When HBO’s Westworld first aired, my wife and I (who had been waiting to see if it lived up to the hype, like many others who are prepping for life in a post-Game-of-Thrones world), immediately checked out the first two episodes. I was pleasantly surprised (having not seen the original movie, I had no expectations going in), and of course, as we do these days, I immediately jumped on the internet to have other people tell me what to think—oops, I mean to check out what other people were saying about the show that I’d just enjoyed. And while there was a mix of the expected positive feedback and I-hate-J.J. Abrams criticism, what stood out to me was the sheer amount of forum threads dedicated to Westworld’s gun problem. It seemed like it was the only thing the folks on IMDB and Reddit wanted to talk about. This brings me to my point about world-building and those pesky little details that matter so much.

Here’s a great new show that people should be buzzing about—but instead, much of the talk is dedicated to a few things that, admittedly, don’t make a whole lot of sense. Can guests kill other guests? How is a place with shoot-outs and hookers family friendly? And how do those damn guns work? The last question was particularly sticky for many viewers. Over and over, viewers took to the internet to voice their confusion. This is human nature. Whether we’re reading a book or watching a movie or TV show, we tend to get obsessed with things that don’t make sense, even little things. Which is why it’s so important for writers—especially new writers—to pay attention to these details and get them right when building our worlds.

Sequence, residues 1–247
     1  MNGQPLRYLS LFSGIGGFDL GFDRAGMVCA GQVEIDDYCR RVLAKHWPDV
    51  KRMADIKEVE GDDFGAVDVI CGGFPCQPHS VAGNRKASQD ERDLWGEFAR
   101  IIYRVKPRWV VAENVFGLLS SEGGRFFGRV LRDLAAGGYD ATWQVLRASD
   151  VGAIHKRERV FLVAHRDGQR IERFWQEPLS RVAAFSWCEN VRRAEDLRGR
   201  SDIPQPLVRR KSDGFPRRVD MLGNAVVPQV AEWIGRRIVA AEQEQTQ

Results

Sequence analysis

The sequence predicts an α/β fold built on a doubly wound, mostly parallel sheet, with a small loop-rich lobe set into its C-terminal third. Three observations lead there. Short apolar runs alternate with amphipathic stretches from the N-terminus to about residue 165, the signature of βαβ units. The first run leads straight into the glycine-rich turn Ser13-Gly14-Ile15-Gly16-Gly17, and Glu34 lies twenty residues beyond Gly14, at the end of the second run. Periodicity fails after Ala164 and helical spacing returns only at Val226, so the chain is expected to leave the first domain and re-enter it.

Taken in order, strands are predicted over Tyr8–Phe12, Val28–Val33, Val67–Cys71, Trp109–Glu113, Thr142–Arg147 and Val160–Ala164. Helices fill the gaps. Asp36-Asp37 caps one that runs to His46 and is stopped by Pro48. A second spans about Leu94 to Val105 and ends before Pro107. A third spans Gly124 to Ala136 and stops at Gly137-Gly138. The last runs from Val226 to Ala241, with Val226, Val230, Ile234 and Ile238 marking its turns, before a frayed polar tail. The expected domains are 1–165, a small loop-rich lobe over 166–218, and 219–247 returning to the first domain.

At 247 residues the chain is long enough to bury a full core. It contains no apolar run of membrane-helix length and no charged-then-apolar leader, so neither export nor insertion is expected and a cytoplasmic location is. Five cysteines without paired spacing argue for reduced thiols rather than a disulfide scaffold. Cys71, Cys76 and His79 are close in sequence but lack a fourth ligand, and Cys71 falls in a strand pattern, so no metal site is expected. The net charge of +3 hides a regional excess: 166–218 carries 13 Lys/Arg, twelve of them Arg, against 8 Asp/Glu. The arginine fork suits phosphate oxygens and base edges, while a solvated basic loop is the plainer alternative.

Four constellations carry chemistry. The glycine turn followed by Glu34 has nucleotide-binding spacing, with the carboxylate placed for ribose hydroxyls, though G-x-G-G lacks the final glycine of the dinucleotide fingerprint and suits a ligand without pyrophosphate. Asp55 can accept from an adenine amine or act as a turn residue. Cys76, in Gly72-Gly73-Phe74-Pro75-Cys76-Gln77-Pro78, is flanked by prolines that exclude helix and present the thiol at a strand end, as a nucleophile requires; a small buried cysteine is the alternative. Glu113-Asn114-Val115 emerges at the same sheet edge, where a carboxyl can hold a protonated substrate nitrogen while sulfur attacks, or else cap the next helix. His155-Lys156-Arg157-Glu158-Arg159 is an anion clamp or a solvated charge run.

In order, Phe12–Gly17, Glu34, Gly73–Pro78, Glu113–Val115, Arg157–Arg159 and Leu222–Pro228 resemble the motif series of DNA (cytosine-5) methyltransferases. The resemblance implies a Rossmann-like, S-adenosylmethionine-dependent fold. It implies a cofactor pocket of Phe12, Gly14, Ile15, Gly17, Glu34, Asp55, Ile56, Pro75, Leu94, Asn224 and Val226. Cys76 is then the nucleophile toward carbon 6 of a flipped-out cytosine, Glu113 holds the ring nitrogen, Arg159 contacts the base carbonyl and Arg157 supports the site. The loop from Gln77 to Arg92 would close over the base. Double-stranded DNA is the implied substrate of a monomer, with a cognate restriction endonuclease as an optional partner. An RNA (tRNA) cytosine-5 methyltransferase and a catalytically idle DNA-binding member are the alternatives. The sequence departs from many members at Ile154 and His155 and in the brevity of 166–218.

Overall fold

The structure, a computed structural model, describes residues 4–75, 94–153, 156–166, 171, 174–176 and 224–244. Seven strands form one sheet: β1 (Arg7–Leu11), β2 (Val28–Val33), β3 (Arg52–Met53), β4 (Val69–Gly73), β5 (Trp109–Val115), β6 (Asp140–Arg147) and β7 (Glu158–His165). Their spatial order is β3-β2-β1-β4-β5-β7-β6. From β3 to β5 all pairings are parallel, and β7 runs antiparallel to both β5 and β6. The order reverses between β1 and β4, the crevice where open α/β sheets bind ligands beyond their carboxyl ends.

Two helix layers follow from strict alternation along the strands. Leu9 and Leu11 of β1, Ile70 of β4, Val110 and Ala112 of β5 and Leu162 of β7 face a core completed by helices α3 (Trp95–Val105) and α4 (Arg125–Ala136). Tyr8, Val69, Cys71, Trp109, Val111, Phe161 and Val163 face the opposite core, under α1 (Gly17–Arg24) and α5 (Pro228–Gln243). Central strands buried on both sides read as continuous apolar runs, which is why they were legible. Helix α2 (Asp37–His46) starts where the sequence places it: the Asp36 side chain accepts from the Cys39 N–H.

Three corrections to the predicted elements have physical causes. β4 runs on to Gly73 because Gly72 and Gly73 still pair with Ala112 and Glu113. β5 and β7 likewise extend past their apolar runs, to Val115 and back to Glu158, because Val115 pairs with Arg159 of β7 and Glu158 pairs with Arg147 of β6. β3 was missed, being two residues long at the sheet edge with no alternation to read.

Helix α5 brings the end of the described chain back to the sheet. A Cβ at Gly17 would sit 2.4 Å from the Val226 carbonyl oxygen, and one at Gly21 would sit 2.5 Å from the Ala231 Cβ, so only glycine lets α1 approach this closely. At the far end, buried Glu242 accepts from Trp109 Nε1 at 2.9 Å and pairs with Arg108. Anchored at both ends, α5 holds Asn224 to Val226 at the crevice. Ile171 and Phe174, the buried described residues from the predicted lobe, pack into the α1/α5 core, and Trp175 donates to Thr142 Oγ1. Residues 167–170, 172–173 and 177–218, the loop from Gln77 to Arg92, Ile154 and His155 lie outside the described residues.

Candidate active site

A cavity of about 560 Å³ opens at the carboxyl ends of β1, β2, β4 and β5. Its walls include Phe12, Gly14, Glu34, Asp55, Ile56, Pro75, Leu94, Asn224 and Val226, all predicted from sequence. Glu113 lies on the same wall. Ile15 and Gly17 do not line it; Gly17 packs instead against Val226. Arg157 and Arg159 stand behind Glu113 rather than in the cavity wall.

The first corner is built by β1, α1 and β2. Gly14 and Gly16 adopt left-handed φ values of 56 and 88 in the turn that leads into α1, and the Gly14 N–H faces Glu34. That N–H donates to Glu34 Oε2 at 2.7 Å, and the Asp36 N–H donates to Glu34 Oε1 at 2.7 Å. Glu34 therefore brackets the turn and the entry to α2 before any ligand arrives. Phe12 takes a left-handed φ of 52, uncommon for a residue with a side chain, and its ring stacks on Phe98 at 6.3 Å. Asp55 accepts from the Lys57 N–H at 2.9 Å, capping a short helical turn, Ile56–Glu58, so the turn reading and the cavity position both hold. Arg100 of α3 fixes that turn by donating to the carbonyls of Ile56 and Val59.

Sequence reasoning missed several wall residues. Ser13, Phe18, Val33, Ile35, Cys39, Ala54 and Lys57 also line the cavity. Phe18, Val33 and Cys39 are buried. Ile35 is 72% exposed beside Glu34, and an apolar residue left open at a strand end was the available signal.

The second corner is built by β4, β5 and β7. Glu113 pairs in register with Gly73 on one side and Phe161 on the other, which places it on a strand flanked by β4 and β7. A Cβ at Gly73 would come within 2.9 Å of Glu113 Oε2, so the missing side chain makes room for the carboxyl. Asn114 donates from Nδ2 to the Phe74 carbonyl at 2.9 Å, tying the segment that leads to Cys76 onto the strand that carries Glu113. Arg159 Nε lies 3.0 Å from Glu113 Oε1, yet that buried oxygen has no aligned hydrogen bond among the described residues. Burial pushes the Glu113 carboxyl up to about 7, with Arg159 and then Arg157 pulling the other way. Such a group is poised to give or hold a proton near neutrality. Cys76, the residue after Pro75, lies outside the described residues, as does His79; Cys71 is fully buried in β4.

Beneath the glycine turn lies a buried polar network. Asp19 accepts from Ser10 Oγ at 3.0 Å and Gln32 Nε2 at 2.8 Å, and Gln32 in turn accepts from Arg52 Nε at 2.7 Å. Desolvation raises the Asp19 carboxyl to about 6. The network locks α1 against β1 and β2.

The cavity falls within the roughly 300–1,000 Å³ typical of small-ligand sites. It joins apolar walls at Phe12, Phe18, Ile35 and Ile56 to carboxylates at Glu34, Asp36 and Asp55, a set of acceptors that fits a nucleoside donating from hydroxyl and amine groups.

The robotic hosts in Westworld aren’t supposed to be able to kill guests. And since it’s the Wild West and everybody is packing a six-shooter or long gun, the way the writers handled this problem was to make the bullets not harm the guests. In the original movie, the solution was to have the guns sense body heat (apparently the robots run cooler than humans), but in the show, it seems that the bullets are “technomagically” advanced enough to tell whether it’s a person or a machine. Do the bullets trigger a fleshy explosion when they touch a robot? Do they somehow self-implode harmlessly when near human skin? What happens if a host shoots a vase and the glass shatters and gouges a human in the eye?

Viewers of the show became somewhat obsessed with this topic which took away from what should have been a more positive discussion of the show. The acting is good with a few famous names (look for James Marsden playing Kenny from South Park’s Wild West forefather, and Sir Anthony Hopkins playing definitely-not-Hannibal-Lecter) and some great lesser-known actors, too. There are interesting mysteries to be solved (who is the Man in Black?) and lots of gun-slinging action. We shouldn’t be obsessed with how the guns work (disclaimer: as of this writing the series isn’t over, and maybe they’ll explain things later, but it will be too late for the initial buzz), but we are, and that’s the power of the little things.

Now, I’m not saying these details will be the show’s undoing. Westworld will be fine. It has a massive budget, famous writers, and a cushy spot on HBO as the Game of Thrones heir-apparent. It can weather a few mistakes. But the rest of us aren’t so lucky. We need to be really, really careful of our little things. We need to get our details right and pay attention to what our first readers are confused about, because when we hand our draft to the agent or editor, we don’t want them to get distracted by these things and miss how awesome our world and our story actually are.